Silence is Golden

My secondary school, at least until it turned comprehensive in my 5th year, had strict discipline: from the headmaster and his cane (yes, they were legal in those days . . . and I’ve not reached retirement age yet) to the impositions handed down by the prefects. One thing they were very hot on was progressing from class room to chapel, for the morning assembly, in total silence. On one morning, I’ve no idea why or what is was about, I was caught chatting. My penalty: to write (perhaps 4 sides of foolscap – remember that!?) on, you’ve guessed it, “Silence is Golden”.

I was lucky. I see to remember that some of these prefects had the game as to who could set the most difficult imposition. The winner was something like ‘the sex life of the inside of a tennis ball”. But this was the era of The Graduate, so the idea of a Sound of Silence was a fair one to have to write about. And it was probably a subject I should have been well-versed in, having been brought up on the belief that children are seen and not heard. I’ve no idea what I did write about but for a goody-goody like me to get an imposition at all was a very big thing.

Now, all these decades later, Silence, together with its opposites sound and noise, are a big issue for me again. Thankfully, on this occasion I can choose to write this blog rather than having the topic imposed on me!

One of my big lessons and on-going challenges, as I develop the tolerance of evolved consciousness and a necessary skill for city living, is coping with noise/sound.

First a question. What’s the difference between sound and noise? Very similar, I would suggest, to the difference between a plant and a weed. It depends very much on one’s personal perspective. Isn’t noise merely a sound that’s in the wrong time and/or place?

Take someone learning to play an electric guitar, for example. Or any instrument for that matter: except that someone next door is practicing the electric guitar, so it’s a sound/noise I’ve been hearing rather a lot of. ‘Rather a lot’. There’s another phrase that can mean so many different things to so many different people. For example it’s not just the sheer number of hours, or even the time of days: it’s that sometimes it’s stopping and starting at irregular intervals over a whole evening . . .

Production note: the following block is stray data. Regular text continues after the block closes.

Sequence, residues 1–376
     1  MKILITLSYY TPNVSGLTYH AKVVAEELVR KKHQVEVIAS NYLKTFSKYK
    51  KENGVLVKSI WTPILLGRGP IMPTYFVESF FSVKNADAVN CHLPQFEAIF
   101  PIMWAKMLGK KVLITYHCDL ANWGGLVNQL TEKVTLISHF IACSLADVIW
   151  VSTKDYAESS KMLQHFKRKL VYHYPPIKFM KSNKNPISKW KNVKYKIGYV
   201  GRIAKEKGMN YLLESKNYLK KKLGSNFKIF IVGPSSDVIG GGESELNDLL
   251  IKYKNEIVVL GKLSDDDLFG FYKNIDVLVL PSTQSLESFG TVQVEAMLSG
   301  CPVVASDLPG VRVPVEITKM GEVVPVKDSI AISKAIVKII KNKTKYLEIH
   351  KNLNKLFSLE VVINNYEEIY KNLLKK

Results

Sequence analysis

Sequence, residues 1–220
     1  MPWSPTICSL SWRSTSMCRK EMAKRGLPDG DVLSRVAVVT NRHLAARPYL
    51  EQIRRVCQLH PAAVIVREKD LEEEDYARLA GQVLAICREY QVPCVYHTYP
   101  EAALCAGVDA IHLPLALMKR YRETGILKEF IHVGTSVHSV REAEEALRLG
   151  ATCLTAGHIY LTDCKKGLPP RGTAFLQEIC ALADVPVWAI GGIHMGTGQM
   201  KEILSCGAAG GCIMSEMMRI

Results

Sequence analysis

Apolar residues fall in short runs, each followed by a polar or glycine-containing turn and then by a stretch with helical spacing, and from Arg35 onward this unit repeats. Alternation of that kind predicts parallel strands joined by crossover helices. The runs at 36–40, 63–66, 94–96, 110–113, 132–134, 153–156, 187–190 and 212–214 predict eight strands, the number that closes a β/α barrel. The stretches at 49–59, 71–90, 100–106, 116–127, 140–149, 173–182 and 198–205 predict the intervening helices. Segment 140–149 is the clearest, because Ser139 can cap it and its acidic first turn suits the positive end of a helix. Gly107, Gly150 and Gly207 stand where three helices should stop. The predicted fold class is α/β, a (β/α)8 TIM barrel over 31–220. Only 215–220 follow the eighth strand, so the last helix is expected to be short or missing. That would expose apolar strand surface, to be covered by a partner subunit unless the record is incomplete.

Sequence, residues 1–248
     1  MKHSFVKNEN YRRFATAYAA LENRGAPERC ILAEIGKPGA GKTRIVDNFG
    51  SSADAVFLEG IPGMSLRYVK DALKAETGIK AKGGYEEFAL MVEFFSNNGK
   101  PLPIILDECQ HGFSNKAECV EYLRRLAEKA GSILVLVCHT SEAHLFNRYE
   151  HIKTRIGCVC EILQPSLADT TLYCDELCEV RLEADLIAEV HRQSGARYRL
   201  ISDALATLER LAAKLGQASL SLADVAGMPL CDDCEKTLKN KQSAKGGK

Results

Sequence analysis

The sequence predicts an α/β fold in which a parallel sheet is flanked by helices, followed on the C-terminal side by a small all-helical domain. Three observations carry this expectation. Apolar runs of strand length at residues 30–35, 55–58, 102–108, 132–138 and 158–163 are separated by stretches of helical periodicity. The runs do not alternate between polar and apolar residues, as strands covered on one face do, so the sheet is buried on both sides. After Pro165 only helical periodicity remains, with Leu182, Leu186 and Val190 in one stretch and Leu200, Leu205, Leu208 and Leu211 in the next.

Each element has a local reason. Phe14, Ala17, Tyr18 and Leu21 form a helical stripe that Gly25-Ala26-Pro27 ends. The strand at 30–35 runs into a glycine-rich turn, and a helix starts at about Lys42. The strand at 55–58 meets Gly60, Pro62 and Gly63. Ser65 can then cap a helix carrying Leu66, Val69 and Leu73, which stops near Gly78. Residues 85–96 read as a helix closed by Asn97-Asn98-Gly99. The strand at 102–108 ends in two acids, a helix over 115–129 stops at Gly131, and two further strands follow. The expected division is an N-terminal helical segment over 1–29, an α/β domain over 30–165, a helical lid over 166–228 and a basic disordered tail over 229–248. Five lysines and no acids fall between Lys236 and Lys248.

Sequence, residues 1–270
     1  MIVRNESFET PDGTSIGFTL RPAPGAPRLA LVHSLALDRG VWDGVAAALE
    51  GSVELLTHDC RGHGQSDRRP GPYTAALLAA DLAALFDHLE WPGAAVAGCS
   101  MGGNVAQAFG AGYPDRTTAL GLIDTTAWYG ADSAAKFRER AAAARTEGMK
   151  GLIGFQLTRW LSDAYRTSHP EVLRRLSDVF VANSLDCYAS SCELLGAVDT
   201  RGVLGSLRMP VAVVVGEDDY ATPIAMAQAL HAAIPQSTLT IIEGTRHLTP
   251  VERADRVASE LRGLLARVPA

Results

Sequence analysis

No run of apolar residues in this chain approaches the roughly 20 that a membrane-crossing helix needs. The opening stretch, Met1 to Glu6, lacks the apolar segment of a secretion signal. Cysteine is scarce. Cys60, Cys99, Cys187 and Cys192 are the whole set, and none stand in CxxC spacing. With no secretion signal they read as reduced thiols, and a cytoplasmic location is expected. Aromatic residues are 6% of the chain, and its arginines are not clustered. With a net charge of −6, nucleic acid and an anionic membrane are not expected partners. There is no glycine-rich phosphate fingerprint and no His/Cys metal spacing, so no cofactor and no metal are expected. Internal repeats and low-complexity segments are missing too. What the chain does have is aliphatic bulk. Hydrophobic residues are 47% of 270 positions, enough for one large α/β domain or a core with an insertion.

At this point I have to say that whoever the budding guitarist is, they are learning fast and actually getting quite good now. But it’s still chords and ‘going nowhere’ short sequences of notes. No tune one could hum along to or beat time with. If I could join in with it, I might be happier.

Although, I have to be fair, what I’ve had to listen to tonight (sometimes I do use it as an excuse to go out but I can’t do that everytime they start up) wouldn’t be out of place in a jazz club. Indeed, it won’t be long before I’ll be getting a grandstand seat to music that some people might pay to listen to. From noise to sound to music in just a few months. That’s actually rather impressive.

But when I’m trying to rest from an intense (and noisy) day’s work or concentrate on something, it is still, to me, NOISE! And a lesson in not letting it get to me . . . and an encouragement to put some effort into looking for a new place (see previous blog)!

Just as I struggle with any noise that isn’t music where and when I choose or deep and meaningful conversation, I do appreciate that there are others, perhaps brought up in a household that knew only sounds, who struggle with silence.

That’s a strange notion to me. Struggling with silence. Isn’t the absence of time and space filling sound a good thing? Maybe not always but most of the time? Take muzak in shops for example. And please, pubs and restaurant could we have one night a week that’s free of piped music? Why is there so much background music? Maybe because a large proportion of folks do find silence embarrassing. That, I feel, is a sad reflection on the current state of humanity.

But, either way, whether we struggle with silence or with noise, at least we have a readily available lesson in being more conscious . . . and an excellent indicator as to our progress in become more patient and tolerant.

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